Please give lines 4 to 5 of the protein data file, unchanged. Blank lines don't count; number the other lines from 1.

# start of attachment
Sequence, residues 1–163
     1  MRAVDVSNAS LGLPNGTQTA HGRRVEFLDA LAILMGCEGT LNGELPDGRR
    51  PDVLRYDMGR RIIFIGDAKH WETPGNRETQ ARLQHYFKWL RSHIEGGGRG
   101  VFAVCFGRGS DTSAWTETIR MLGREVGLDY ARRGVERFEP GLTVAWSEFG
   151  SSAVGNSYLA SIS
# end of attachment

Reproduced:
   101  VFAVCFGRGS DTSAWTETIR MLGREVGLDY ARRGVERFEP GLTVAWSEFG
   151  SSAVGNSYLA SIS